“Are the words above in several different colors?”

failure rate:

  • color TV users: none
  • black and white monitor users: 20%
  • green-screen monitor users: 25%

By this time, the authors were prepared to supply everyone who bought an Apple II with a free color monitor, just so we would not have to ask the question. It turns out that around 20% of the people were not really reading the question. They were responding to the question “Are the words above several different colors?”

They finally succeeded with:

Do the words above appear in several different colors?”

failure rate: NONE.

Note carefully how tiny changes in wording make BIG changes in the number of user errors. But, no, let’s not call these “user errors.” From the Whorf-Sapir hypothesis mentioned in the last article, we don’t want to brainwash ourselves into blaming users, we should blame the program’s design team. They’re “programming errors” or “design errors.” From the standpoint of someone designing a program for a naïve user, OR of someone evaluating a new software program for the ED, “Users don’t make mistakes.” If, like me, you’ve seen several people sit down to try out a new software program, and most of them make the same mistakes, you can be pretty sure that the designers didn’t bother with even the most basic usability testing.

Yes, Microsoft spends millions of dollars yearly on detailed usability testing. But ED software designers don’t have to spend a lot of money, they don’t have to have a big software testing lab, and often the only changes they have to make take a matter of seconds (OK, maybe minutes) to re-code.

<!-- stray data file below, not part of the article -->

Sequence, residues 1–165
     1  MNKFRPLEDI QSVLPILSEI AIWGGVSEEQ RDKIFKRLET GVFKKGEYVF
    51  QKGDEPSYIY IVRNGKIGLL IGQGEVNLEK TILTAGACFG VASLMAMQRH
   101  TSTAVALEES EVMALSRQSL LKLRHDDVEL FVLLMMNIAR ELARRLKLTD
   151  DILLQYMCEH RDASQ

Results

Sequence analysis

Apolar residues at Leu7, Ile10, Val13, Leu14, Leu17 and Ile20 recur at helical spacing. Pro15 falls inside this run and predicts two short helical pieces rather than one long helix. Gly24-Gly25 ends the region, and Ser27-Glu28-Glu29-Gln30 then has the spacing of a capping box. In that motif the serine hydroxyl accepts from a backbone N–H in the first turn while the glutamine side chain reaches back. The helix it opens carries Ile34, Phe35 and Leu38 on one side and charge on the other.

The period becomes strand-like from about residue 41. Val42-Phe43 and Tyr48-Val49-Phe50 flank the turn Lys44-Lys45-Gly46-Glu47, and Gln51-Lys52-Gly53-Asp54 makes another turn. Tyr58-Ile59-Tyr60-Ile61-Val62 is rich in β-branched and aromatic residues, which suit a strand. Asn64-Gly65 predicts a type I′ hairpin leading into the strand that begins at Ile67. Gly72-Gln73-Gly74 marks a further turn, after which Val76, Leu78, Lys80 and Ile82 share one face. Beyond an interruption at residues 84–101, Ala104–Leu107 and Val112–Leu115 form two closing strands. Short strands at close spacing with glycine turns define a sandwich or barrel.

Bottom line:  You can’t look at a program and guess how usable it is. You have to test it with naïve users. You can do your own usability testing on a program you’re thinking about buying – get two of your colleagues to try to perform several common tasks, and watch carefully and see what “user errors” they make. Don’t let the vendor representatives coach, just sit your colleagues down at the computer. You can easily do this at one of the big conferences, or during a vendor presentation at your hospital.

A sideline: Tognazzini’s Paradox applies outside of user interaction design. For instance, the NEXUS criteria, a set of simple rules, are now widely used to “clear” the cervical spine – to determine that someone who’s been in an accident doesn’t need X-rays or a CT scan of the neck to rule out a fracture. The rules are as follows (quoted directly from the original article):

  • the absence of tenderness at the posterior midline of the cervical spine,